Broadcasters Ask FCC To Expand Number Of Stations Eligible For 'Nightlight' Signal

Broadcasters Ask FCC To Expand Number Of Stations Eligible For 'Nightlight' Signal

Broadcasters have asked the FCC to expand the number of stations eligible to continue an "analog nightlight" signal for 30 days past the Feb. 17 DTV transition date, as well as streamlining the process for applying to remain on the air.

They also want the freedom to sell the educational/emergency information on that analog nightlight to underwriters similar to those on noncommercial TV.

The FCC is required by Congress to vote on an implementation regime for the nightlight service by Jan. 15, so comments are already due on a proposal that was only outlined Christmas Eve.

In its comments, The National Association of Broadcasters (joined by the Association for Multiple Service Television) was in the unusual position of arguing for relaxed interference standards for TV stations. They recognized that, and said it did not change their stance on interference to TV stations in other instances. But they also said it was a unique circumstance. "Unfortunately, while the list proposed by the Commission in the Notice protects stations from all interference, it may not allow enough stations to participate in the program," they said.

NAB, joined by the Association for Maximum Service Television, pointed out that as the FCC has set the interference protections, "only 136 out of 210 television markets" could have a nightlight station. "Moreover, under the proposed list only one station in the New York television market would be eligible to participate," NAB argues.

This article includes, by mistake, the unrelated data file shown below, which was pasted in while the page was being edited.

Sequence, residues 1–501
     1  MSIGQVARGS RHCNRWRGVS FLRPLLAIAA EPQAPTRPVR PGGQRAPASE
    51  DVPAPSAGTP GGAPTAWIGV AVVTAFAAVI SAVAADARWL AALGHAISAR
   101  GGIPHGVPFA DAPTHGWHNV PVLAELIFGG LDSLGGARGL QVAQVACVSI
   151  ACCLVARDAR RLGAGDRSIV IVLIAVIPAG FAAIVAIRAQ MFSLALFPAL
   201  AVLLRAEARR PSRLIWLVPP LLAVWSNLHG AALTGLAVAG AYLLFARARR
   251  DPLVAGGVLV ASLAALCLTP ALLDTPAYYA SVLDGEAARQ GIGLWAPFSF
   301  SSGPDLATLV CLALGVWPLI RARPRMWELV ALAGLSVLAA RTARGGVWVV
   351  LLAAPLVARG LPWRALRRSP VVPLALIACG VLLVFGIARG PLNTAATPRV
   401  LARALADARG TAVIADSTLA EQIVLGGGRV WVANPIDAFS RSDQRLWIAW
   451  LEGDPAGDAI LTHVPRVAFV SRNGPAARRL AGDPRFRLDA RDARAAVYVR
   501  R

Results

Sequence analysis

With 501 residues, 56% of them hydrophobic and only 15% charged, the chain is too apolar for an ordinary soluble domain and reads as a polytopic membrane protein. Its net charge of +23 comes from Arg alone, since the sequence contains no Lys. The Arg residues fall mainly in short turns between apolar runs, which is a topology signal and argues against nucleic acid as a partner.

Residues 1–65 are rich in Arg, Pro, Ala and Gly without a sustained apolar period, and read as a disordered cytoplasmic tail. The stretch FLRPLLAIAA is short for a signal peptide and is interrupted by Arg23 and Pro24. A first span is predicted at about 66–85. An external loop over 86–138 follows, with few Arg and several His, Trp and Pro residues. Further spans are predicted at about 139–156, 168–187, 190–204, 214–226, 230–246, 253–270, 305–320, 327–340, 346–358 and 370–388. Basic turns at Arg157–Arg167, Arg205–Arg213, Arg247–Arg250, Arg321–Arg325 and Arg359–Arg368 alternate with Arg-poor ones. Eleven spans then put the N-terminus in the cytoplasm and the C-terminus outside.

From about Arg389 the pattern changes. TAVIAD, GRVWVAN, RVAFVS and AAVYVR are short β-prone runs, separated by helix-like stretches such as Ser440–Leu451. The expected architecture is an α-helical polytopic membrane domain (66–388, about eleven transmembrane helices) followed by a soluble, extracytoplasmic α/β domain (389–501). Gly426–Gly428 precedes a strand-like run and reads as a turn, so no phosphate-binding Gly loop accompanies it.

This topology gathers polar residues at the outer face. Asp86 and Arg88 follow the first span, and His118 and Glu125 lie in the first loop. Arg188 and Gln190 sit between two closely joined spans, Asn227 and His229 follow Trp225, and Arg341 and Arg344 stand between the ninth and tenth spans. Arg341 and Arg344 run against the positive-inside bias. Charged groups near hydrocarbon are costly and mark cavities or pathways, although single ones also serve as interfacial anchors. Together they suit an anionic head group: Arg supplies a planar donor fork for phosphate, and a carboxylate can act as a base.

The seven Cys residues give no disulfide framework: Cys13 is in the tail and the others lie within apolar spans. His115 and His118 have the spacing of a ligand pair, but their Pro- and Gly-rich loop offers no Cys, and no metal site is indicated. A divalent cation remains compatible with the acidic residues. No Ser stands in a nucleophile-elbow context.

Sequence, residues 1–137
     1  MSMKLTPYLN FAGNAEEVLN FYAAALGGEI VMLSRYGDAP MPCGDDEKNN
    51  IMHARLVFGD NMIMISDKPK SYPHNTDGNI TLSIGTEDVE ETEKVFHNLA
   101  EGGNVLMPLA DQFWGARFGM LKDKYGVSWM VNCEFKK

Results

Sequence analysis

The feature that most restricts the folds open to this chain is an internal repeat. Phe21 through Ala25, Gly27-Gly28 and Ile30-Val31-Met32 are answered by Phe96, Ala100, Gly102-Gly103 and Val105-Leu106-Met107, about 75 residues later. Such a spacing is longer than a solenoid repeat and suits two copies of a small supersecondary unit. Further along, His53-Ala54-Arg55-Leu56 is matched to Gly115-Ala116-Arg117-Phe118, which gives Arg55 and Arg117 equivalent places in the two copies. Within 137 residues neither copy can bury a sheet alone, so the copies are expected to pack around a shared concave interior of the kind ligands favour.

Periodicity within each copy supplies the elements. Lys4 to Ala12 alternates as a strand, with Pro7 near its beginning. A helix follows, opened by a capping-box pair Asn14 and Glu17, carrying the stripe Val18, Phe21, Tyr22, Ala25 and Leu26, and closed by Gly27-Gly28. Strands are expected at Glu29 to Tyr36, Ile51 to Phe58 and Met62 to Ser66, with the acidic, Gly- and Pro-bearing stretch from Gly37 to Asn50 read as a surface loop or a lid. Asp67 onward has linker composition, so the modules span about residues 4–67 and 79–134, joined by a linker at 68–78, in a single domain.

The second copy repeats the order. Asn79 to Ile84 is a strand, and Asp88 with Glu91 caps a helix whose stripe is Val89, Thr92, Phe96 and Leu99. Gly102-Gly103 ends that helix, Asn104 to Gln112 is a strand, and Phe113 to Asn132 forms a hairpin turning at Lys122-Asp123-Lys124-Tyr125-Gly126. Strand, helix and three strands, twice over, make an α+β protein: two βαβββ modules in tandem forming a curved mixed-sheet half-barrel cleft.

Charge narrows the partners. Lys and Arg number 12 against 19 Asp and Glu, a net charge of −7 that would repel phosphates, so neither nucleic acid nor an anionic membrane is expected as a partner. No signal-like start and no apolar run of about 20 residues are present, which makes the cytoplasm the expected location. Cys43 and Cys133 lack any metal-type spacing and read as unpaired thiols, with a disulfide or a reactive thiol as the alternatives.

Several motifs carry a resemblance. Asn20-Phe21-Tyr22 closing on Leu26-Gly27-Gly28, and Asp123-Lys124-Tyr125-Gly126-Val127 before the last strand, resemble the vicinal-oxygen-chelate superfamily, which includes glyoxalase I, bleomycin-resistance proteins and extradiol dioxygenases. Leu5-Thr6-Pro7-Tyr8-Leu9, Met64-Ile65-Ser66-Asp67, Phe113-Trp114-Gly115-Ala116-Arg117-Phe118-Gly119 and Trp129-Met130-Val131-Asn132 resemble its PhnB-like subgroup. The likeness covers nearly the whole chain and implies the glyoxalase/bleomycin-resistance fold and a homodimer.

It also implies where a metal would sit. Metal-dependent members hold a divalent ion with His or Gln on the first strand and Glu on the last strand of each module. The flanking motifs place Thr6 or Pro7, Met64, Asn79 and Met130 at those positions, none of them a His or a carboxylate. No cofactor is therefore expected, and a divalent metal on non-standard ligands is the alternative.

NAB says stations on channels 2-6 should be alloweed to remain on. That is the majority of analog channels, it points out, and with relatively few digital channels in that spectrum, "there will be few chances for either co-channel or adjacent-channel interference." They also argued for loosening adjacent channel separations generally to allow for more stations to qualify.

"We recognize that employing this standard may allow more interference to occur than the Commission’s current proposal," they told the FCC. "Nonetheless, the potential for interference at the outer edges of a station’s service area must be balanced against the need for DTV and emergency information throughout a station’s entire market," they argued, noting that that the interference would be temporary and easily corrected by having the nightlight station reduce power.

They also asked the FCC to waive a requirement that stations file an update of their DTV transition status, saying it would be financial disincentive for what is a voluntary program.

Also on the issue of finances, broadcasters want the FCC to allow them to obtain sponsorships for the continued analog programming.

The FCC has proposed confining the analog programming to public service and emergency messages, specifically excluding commercials. But NAB and MSTV ask that the FCC not interpret that to exclude the kind of sponsorship messages currently common on noncommercial stations, pointing out that it will cost up to $15,000 to keep that analog nightlight burning.

"Although we agree with the Commission that Section 2(a) of the statute limits program material to 'only' public safety and DTV transition information," they said, "the Commission should not interpret the statute to prohibit stations that may wish to defray the cost of maintaining analog service for an additional 30 days with a 'brought to you by' or 'sponsored by' or 'in partnership with' visual identification during the 'Analog Nightlight' program."

Broadcasters also want the freedom to air educational videos about DTV-to-analog converter box set-up produced (which essentially means sponsored) by individual manufacturers.